The column-address is routed through the column decoding circuitry, including column-address latch 36, burst counter 38, column-address buffer 40, column decoder 42, and sense amplifiers I/O gating module 44. Data is transferred to or from the memory array bank 10 from the data bus, comprising pins DQM through DQ8, through either a data in buffer 46 or a data out buffer 48, as well as a latch 50 and sense amplifiers I/O gating 44. The signals are synchronized with the number 1 clock generator 52 and the number 2 clock generator 54. Mode register 56 is for setting up the memory array bank and control module in one of a predetermined number of functional modes. The refresh circuitry including refresh controller 58, refresh counter 60, and self refresh oscillator and timer 62 provide the dynamic refresh functions necessary at regular intervals to maintain the data voltage level in memory array bank 10.

FIG. 2 is a flow chart describing the operation of the synchronous DRAM and control circuitry of FIG. 1 during a read operation. The process described is a read operation and is discussed for illustration purposes only, as synchronous DRAM read and write operations are commonly known in the art. The first step, denoted at block 60, is the issuance of a read command by the microprocessor or other circuitry which is utilizing memory array bank 10 for storage of data. Throughout this document, generalized names will be given to signals which may also be known by other names. For instance, the read command may also be known as the "memory access command." These commands will be recognizable by those skilled in the art.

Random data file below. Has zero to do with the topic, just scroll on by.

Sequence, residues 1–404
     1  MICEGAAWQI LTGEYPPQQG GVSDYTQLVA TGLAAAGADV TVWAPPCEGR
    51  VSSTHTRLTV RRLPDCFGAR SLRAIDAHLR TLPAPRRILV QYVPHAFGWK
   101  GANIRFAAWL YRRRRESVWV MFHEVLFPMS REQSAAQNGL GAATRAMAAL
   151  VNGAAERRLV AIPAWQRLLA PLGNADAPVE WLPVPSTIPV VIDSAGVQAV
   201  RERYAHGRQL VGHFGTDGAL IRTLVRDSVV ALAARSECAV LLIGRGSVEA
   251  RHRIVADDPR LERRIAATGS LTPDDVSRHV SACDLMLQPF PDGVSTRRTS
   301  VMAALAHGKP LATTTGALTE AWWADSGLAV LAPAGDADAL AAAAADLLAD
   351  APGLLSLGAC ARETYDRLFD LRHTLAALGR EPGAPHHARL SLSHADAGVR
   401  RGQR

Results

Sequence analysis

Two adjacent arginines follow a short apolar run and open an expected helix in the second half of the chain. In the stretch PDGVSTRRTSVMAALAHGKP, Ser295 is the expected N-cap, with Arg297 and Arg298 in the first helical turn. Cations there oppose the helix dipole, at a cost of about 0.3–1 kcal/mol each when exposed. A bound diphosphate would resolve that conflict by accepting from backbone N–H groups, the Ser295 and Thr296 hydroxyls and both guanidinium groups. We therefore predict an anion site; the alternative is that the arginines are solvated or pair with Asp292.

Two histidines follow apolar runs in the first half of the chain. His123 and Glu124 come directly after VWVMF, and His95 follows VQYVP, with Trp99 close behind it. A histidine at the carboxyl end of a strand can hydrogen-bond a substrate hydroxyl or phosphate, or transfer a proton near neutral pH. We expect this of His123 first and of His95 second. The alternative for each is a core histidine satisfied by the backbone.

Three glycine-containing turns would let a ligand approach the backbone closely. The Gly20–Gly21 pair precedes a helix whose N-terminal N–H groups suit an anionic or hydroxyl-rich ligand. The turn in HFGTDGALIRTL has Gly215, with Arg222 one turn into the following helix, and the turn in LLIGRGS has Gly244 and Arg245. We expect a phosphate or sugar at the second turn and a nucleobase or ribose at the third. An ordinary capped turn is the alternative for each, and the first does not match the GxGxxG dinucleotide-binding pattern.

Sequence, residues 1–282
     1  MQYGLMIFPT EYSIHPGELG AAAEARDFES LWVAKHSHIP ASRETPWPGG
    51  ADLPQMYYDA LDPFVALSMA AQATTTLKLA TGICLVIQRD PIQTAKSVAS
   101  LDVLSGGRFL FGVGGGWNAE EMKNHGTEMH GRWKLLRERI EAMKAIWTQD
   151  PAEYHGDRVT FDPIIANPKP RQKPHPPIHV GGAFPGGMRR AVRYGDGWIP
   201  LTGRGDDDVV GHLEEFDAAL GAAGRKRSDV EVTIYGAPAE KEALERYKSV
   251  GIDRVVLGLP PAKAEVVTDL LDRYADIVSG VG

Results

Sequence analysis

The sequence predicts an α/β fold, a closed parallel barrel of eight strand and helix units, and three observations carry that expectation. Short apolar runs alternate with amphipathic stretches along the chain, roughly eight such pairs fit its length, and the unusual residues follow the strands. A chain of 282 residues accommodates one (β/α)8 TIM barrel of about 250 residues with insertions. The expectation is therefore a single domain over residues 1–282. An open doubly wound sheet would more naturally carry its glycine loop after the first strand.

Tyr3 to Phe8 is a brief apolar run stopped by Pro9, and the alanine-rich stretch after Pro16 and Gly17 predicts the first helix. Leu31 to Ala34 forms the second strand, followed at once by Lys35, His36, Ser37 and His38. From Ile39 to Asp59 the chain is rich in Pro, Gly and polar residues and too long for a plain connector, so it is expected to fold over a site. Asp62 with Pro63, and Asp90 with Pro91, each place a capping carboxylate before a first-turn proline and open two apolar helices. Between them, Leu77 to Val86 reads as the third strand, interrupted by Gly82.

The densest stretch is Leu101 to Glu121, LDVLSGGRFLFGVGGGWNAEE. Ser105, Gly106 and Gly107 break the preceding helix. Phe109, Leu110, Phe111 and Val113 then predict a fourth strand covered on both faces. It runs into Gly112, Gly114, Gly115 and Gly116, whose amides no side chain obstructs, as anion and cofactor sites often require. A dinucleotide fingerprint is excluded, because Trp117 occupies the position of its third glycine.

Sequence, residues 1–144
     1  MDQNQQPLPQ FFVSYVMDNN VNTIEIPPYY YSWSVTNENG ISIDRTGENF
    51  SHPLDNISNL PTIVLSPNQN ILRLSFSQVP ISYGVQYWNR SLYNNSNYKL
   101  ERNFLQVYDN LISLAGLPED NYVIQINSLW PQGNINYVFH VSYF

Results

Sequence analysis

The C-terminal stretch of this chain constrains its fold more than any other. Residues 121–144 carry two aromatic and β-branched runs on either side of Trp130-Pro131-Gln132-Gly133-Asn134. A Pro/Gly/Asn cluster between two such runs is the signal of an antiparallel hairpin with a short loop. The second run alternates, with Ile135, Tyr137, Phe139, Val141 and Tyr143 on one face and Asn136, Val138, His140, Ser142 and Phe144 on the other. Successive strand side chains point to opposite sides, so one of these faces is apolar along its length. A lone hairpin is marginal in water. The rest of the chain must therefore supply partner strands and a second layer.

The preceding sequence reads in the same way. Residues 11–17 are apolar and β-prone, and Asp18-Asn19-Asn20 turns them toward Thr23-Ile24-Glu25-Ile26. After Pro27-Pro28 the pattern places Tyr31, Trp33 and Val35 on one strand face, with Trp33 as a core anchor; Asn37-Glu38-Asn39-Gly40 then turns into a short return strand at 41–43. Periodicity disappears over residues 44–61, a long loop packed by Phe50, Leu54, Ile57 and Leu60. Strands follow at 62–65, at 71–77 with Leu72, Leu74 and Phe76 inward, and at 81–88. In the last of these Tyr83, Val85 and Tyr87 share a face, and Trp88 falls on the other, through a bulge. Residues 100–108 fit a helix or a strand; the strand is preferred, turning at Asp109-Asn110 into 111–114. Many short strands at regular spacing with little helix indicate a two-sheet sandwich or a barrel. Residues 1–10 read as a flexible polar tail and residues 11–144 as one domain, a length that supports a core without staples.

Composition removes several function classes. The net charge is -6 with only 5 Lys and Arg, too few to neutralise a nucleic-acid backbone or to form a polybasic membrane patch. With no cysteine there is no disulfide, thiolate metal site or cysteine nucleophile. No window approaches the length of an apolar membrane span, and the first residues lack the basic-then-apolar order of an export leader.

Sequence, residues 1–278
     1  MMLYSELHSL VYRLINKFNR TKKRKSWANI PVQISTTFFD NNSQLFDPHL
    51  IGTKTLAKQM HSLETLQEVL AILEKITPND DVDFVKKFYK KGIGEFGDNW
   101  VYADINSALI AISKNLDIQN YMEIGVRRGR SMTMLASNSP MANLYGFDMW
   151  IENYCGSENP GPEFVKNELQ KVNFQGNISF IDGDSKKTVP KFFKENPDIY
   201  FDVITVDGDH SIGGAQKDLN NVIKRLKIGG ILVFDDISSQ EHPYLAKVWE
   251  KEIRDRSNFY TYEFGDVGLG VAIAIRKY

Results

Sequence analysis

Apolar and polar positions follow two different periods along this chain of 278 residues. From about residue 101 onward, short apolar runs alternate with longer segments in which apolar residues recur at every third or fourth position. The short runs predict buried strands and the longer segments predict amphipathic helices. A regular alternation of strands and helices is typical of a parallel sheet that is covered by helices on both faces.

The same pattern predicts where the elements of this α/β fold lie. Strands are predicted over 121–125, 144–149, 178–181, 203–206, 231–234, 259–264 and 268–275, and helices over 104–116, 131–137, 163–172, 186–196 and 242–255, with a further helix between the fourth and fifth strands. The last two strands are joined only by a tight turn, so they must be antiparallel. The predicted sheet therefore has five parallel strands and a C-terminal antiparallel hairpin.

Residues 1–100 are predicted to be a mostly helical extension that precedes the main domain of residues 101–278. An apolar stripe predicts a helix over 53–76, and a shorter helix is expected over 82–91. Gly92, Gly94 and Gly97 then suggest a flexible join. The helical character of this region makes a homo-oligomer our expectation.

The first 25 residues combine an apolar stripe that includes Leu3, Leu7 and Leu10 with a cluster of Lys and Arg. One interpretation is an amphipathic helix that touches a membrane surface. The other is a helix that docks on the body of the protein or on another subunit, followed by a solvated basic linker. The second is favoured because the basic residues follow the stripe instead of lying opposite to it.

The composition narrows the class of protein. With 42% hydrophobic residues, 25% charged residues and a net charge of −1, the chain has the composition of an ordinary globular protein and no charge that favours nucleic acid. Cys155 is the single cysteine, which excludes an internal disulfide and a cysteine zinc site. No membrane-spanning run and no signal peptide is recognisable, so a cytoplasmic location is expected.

The read command is typically received by the memory control module which typically comprises a PC decoding chip set. In the next step, denoted at block 62, the address is issued by the microprocessor onto the address bus lines which communicate between the microprocessor and the memory control module. This address is received by the decoder chip set, which divides the address into two portions. In block 64, the row address portion is transmitted to the memory module of FIG. 1 on the internal address bus denoted by pins A0 through A10 on FIG. 1. Thereafter, the decoder chip set issues a RAS signal to the internal control logic 12 of the memory module. This alerts the control logic circuitry that a stable address is present on pins A0 through A10. Once again, the term "RAS signal" is a generic term taken from standard DRAM terminology.

In actual operation, a certain combination of signals on pins 18-24 of FIG. 1 are given, and may otherwise be known as the "bank active command." Control logic circuit 12 then issues the appropriate commands to row address latch 28 and row multiplexer 30, such that the row address can be entered into row address buffers 32 and row decoder 34, and decoded as denoted in block 70.